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Victoria Vaske goes on Alaskan adventure

Wednesday, June 30, 2010

(Photo)
(photo contributed) Victoria Vaske shows off one of her first catches with a fellow angler during her summer stay in Seward, Alaska.
What do a 300 pound halibut, a moose, and a killer whale have in common?

Well, first off they all can be found in Seward, Alaska and secondly, they all are neighbors to Alaska's newest resident Victoria Vaske.

This past school year ended for Victoria like any other college student's -- final exams were stressed over and grades were handed out.

(Photo)
Victoria Vaske shows off one of her first catches with a fellow angler during her summer stay in Seward, Alaska.
But when asked what her summer plans were she had no idea she would be heading over 3,000 miles to Alaska for the entire summer.

Victoria is the daughter of Dave and Ruth Vaske and graduated from Gehlen Catholic in 2008.

She is currently attending Augustana College in Sioux Falls, SD.

(Photo)
Victoria Vaske holds her first halibut which weighed in at 60 pounds. Halibut can reach up to 300 pounds off the Alaskan coast. J-Dock, the company Victoria works for, plays host to the Alaskan Halibut Derby where many fish weigh at least 200 pounds or more.
Victoria's adventure began when her mom suggested she try and find a job at a national park.

Ruth is no stranger to leaving home for the summer. While growing up she worked for Yellowstone National Park in Wyoming.

The Vaske family took a vacation to Anchorage, Alaska during the end of May hoping to find a summer getaway for their eldest daughter.

After a week of sight-seeing and relaxation they would all return -- minus one.

"I fell in love and didn't want to leave," Victoria said.

While waiting on a dock in Seward they found themselves talking with a man from Sioux City.

After explaining Victoria's situation, the man told her to walk into J-Dock Seafood Company and apply for a position.

She was hired that same day.

J-Dock provides fishing boats and does all the processing necessary for any fish caught out on the boats. The company filets, flash freezes, and ships the prized catches wherever they need to go.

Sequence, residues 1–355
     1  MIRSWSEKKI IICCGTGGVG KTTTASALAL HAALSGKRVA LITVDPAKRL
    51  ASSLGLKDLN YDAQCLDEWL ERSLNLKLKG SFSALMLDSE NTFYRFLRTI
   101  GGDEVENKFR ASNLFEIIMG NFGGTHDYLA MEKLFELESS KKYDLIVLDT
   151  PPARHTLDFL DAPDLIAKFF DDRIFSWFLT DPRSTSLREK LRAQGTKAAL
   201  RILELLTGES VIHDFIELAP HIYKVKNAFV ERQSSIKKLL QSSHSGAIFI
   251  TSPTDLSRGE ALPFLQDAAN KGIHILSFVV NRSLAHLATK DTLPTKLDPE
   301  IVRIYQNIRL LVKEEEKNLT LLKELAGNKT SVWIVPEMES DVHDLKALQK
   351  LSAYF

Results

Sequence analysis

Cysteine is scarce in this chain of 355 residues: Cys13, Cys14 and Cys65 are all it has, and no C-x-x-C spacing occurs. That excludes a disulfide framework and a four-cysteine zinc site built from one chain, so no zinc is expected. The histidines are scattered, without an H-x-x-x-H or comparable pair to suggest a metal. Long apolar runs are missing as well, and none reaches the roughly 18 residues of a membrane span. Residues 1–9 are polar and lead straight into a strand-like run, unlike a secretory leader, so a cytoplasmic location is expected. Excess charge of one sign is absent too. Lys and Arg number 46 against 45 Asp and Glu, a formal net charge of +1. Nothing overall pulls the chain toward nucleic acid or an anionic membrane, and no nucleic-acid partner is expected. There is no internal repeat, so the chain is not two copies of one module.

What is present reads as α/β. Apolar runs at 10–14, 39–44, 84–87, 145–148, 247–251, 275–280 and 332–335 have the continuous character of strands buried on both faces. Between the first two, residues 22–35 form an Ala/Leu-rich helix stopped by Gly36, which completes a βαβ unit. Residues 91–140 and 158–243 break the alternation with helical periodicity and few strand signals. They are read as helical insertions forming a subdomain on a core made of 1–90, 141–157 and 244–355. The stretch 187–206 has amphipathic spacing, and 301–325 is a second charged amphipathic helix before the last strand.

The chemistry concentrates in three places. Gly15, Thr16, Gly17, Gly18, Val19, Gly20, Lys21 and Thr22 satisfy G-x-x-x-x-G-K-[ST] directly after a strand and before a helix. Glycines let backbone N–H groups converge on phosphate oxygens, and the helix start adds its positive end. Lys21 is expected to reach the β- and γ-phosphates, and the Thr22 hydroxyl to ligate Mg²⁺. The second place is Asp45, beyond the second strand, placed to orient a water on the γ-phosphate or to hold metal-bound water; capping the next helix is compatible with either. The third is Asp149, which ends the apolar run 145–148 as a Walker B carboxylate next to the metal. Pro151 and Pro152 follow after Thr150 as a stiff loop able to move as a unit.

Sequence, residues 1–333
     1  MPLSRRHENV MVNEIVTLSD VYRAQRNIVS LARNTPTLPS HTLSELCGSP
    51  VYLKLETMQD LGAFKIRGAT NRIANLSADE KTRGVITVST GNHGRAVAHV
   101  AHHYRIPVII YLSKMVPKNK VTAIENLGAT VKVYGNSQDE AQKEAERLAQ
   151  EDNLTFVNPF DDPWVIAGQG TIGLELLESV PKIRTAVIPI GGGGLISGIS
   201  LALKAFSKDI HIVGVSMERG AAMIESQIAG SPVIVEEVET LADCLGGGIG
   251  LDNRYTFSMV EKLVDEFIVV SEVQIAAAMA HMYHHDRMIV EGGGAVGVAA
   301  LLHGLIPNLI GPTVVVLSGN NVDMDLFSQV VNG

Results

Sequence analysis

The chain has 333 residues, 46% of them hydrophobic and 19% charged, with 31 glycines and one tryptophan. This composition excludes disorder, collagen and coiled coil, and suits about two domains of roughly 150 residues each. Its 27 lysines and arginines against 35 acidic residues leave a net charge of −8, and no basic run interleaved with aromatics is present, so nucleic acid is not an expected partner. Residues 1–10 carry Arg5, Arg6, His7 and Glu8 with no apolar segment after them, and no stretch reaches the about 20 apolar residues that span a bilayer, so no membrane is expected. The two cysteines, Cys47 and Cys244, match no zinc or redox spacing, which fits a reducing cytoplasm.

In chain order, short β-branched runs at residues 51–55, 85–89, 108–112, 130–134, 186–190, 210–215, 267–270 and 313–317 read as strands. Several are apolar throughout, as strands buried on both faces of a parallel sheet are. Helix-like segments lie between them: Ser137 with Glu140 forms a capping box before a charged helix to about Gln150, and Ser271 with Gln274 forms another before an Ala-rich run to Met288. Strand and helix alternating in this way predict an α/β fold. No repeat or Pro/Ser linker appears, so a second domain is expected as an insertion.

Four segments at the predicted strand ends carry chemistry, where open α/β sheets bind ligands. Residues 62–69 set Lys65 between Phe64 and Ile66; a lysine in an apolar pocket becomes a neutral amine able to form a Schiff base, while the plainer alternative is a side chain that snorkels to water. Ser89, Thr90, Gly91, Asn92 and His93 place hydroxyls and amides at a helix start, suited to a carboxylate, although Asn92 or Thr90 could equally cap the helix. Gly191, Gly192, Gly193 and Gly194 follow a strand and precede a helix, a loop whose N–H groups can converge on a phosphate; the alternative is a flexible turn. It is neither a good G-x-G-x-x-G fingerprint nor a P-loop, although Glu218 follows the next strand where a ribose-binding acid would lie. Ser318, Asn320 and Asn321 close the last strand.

"At first I had no idea what I was doing," she said.

Victoria struggles with her new job soon became routine after working at J-Dock for a month.

"Now I can do pretty much everything," she said with a laugh.

She has not only mastered the art of fish processing, but has also become an avid angler herself, with her biggest halibut weighing around 60 pounds.

"Reeling in a fish that big is a lot of work." she said.

She went out one afternoon and after awhile had that sinking feeling that she wouldn't be catching anything that day, she said.

Then one of rugged men on the boat pointed behind her and said "Turn around."

"I looked behind me and my pole was dancing," she said.

Toward the end of the long struggle with her arms aching she thought it was only a log, she said.

"I was so surprised when I saw that white belly come up to the top of the water," Victoria said.

It is illegal for the captain of the charter boat to help anyone reel in their fish so Victoria has the sole claim to her victory over the hefty halibut.

Catching giant fish isn't the only joy when sailing off the coast, she said.

The Alaskan scenery adds to the experience.

"It's so gorgeous," she said, "On cloudy days you can't really see the mountains and on other days they almost magically reveal themselves," she said. "They seem so close but when in reality are so far away."

She has also become accustomed to seeing Alaska's famed moose as well.

The first time she encountered one of Bullwinkle's relatives was with her family. They pulled over on the side of the road to take a few pictures.

That was when she was on vacation. Now she says, "you get so annoyed when tourists slow down or stop completely on the road."

She has become one of the locals.

"A major shock was how it's light for so long and how friendly the people are. They all smile at you as if you're an old friend," she said.

Living with mountains being a part of the skyline has altered some of her perceptions too.

"Out here we are in nature's domain, instead of nature being in ours," Victoria said.

When asked if she has felt homesick yet she replied "I've been so busy and so happy that homesickness hasn't even popped into my head."

She did notice the difference in the price of an Iowa favorite.

"They were selling corn for $1.29 an ear," she said, "and I thought that was ridiculous."

The mere month in Alaska has already taught her so much, she said.

"I've learned that I'm not made of glass," she said. "I never thought I would be handling fish guts without getting sick or going out and reeling in monstrous fish."

She even looks the part of a rustic Alaskan native in her big boots and rain-slickers, very different from the shorts and flip flops needed for an Iowa summer.

Vaske still has much of the summer left to add to her Alaskan adventure, especially with the upcoming Seward Halibut Derby taking place.

Making the decision to actually stay and work in Alaska was one of the most difficult.

"My mom really pushed me to do this. At first I was scared and didn't think I had in it me," she said, "I'm so glad she did and that it all worked out they way it did."

Everyone should take a risk someday and use all of the opportunities given to them, she said.

"The world can seem so huge when you are just sitting in your room," she said.



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